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Honiara

Last edited: February 06, 2002   (C)  Under construction

 

The staff of Dr. Rutter, the chief medical officer, who welcomed us for the short time we were in Honiara waiting passage on the mission vessel Southern Cross to Port Vila.

While we were here, Crass, remember him? detailed me to investigate a murder on the other side of the island, something he should have done himself, but understandably, as I found out, didn't want to.

The ship ran around the southwest tip of the island, and the villagers crowded around as I disembarked.   Immediately I came down with one of the worst bouts of fever experienced to date, but I took some statements, observed the grave, and took in charge the poor culprit who was in a state of uncontrollable shakes and shivers.

The weather had come up too, so the ship was no longer off the bay. We had no idea where it was, so we trudged along the shore line, a miserable unhappy party, in teeming rain. Eventually it found us.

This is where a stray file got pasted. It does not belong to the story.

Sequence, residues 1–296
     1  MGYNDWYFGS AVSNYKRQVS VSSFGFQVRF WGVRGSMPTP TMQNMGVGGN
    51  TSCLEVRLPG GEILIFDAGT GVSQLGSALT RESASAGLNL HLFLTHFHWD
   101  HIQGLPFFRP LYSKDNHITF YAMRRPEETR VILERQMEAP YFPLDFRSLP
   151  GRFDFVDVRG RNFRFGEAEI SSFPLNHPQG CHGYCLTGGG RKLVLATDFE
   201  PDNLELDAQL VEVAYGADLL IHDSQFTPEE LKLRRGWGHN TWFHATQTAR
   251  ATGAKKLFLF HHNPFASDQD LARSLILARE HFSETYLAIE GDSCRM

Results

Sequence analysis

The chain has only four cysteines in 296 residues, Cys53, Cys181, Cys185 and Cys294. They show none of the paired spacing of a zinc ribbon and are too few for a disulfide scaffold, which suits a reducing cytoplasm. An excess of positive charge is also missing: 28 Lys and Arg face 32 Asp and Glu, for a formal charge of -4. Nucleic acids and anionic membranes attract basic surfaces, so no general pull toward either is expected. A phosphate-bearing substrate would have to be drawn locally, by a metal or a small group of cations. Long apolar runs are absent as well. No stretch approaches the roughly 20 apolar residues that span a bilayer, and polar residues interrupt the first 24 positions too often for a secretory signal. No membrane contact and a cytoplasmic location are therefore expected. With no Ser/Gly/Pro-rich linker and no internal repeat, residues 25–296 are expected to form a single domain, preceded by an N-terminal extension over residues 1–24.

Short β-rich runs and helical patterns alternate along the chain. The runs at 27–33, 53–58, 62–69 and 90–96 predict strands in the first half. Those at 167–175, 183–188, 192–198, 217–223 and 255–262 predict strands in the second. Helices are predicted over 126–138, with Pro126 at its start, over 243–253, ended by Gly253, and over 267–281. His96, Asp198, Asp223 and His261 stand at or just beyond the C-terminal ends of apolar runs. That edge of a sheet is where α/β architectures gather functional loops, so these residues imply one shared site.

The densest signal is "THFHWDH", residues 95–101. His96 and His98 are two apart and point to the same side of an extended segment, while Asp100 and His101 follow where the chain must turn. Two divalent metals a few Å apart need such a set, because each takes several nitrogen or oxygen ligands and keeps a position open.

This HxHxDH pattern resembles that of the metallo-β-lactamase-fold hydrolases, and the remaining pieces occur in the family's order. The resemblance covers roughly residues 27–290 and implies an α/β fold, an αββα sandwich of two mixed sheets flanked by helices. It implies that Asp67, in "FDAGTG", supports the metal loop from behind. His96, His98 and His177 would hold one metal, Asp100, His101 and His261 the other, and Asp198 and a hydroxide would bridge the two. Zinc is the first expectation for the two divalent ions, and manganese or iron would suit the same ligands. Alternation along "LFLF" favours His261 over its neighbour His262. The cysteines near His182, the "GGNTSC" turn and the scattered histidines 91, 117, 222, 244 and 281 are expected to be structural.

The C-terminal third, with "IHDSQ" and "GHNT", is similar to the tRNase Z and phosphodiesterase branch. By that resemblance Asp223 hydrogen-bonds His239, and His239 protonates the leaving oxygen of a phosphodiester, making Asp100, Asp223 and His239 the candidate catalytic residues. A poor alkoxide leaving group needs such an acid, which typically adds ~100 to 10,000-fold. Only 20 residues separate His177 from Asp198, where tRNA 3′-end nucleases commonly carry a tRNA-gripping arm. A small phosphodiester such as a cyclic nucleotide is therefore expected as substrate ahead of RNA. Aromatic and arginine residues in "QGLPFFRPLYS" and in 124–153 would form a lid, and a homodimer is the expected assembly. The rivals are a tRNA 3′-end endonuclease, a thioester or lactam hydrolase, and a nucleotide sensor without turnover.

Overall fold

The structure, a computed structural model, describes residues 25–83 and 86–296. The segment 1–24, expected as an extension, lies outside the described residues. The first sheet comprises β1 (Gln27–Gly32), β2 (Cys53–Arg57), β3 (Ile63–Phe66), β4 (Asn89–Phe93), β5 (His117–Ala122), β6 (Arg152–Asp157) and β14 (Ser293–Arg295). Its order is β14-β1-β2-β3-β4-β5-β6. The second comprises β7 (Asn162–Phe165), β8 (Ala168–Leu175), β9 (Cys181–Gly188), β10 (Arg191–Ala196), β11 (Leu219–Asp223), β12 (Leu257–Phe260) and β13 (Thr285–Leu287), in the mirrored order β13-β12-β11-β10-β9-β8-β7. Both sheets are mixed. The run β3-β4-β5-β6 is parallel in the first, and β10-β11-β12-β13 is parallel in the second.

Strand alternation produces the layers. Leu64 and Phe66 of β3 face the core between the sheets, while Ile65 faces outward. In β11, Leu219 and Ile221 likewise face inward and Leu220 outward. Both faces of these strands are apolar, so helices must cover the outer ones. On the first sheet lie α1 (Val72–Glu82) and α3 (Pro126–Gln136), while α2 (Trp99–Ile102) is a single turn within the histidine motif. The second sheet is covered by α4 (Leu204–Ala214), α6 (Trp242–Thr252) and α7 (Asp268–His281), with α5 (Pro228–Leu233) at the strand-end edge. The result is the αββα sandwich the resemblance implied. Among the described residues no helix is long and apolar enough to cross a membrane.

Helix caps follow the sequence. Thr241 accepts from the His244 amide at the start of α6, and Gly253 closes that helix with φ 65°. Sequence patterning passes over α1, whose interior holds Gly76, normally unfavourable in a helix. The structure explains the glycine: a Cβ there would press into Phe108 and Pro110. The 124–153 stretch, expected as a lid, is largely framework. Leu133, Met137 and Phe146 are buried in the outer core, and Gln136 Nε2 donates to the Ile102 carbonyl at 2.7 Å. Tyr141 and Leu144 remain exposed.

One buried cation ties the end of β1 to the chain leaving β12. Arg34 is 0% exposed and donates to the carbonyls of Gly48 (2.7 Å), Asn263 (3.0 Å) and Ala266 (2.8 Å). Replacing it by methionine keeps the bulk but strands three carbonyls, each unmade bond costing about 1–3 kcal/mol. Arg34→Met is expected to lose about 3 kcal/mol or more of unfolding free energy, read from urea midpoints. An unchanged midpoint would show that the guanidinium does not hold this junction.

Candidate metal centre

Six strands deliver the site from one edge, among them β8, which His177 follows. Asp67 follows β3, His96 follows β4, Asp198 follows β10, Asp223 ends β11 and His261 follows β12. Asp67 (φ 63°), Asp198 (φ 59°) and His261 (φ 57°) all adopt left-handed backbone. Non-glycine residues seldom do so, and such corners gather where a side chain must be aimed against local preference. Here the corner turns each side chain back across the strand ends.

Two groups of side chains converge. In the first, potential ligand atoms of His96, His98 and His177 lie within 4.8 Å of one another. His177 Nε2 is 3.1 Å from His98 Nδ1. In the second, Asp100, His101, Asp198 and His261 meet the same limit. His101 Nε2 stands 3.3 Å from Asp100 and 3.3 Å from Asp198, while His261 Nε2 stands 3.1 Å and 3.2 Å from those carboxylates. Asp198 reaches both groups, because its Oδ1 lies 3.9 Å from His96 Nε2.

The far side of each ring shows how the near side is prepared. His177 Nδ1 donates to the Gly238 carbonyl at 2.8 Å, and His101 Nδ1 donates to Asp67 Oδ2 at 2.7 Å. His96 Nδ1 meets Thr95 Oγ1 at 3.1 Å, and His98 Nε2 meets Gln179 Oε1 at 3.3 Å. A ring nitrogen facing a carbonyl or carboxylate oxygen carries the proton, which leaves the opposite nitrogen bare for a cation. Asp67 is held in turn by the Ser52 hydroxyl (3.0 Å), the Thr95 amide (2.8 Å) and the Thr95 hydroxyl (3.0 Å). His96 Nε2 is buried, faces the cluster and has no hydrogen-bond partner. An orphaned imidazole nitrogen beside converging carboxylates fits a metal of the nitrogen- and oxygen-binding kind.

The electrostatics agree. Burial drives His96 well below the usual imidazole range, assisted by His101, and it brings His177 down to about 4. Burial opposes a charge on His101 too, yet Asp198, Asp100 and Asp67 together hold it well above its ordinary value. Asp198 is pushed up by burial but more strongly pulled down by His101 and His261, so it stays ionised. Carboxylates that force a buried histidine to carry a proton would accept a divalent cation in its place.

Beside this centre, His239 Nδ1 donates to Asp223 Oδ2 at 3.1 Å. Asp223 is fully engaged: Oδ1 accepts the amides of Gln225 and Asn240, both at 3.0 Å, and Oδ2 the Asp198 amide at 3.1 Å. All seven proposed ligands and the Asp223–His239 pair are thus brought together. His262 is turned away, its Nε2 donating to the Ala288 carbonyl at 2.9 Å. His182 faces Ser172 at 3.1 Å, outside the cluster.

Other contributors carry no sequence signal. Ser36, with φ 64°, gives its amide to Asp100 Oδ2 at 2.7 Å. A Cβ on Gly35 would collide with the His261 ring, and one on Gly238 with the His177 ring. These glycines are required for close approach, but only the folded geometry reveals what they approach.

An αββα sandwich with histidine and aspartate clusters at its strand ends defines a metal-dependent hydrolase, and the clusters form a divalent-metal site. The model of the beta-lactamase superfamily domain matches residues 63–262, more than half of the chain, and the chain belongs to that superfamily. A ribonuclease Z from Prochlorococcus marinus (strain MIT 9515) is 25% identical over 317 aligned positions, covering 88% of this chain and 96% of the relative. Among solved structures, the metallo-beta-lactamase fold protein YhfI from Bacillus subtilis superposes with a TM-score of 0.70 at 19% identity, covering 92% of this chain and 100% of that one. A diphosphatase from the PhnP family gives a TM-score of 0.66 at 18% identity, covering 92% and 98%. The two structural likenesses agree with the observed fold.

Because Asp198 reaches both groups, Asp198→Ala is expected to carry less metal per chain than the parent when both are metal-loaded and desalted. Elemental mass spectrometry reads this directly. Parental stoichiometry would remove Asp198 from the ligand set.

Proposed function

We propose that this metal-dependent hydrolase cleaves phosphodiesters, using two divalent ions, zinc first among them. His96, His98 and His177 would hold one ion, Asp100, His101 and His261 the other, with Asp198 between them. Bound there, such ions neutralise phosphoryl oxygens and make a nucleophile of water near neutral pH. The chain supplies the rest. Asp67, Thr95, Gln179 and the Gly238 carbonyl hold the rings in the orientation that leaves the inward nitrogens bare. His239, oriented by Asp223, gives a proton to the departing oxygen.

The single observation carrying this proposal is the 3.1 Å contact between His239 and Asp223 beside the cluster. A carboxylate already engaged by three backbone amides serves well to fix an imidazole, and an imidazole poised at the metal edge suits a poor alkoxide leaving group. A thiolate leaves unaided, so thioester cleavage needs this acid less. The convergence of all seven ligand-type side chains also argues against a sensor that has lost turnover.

When I returned to Honiara Crass said "Did you exhume the body?" I hadn't and didn't even know it should have been.  "Then how are we to prove the case?" "There are plenty of witnesses, all here."  The poor fellow was tried, and as was the case those days, hanged.  I was supposed to attend but refused - Crass could do his own dirty work.

BELOW:  H.M.S. Adamant draws up to the Lunga wharf, Honiara, to "show the flag" at the end of the war.  While the U.S. fleet was still based at Tulagi, another cruiser visited, and treated me, as rep of the British administration, with due honours.  Some of the officers wanted to see what it was like on the ground, so I had fun taking them to a nearby mangrove, struggling up a muddy track to reach a village.  They were glad to get home.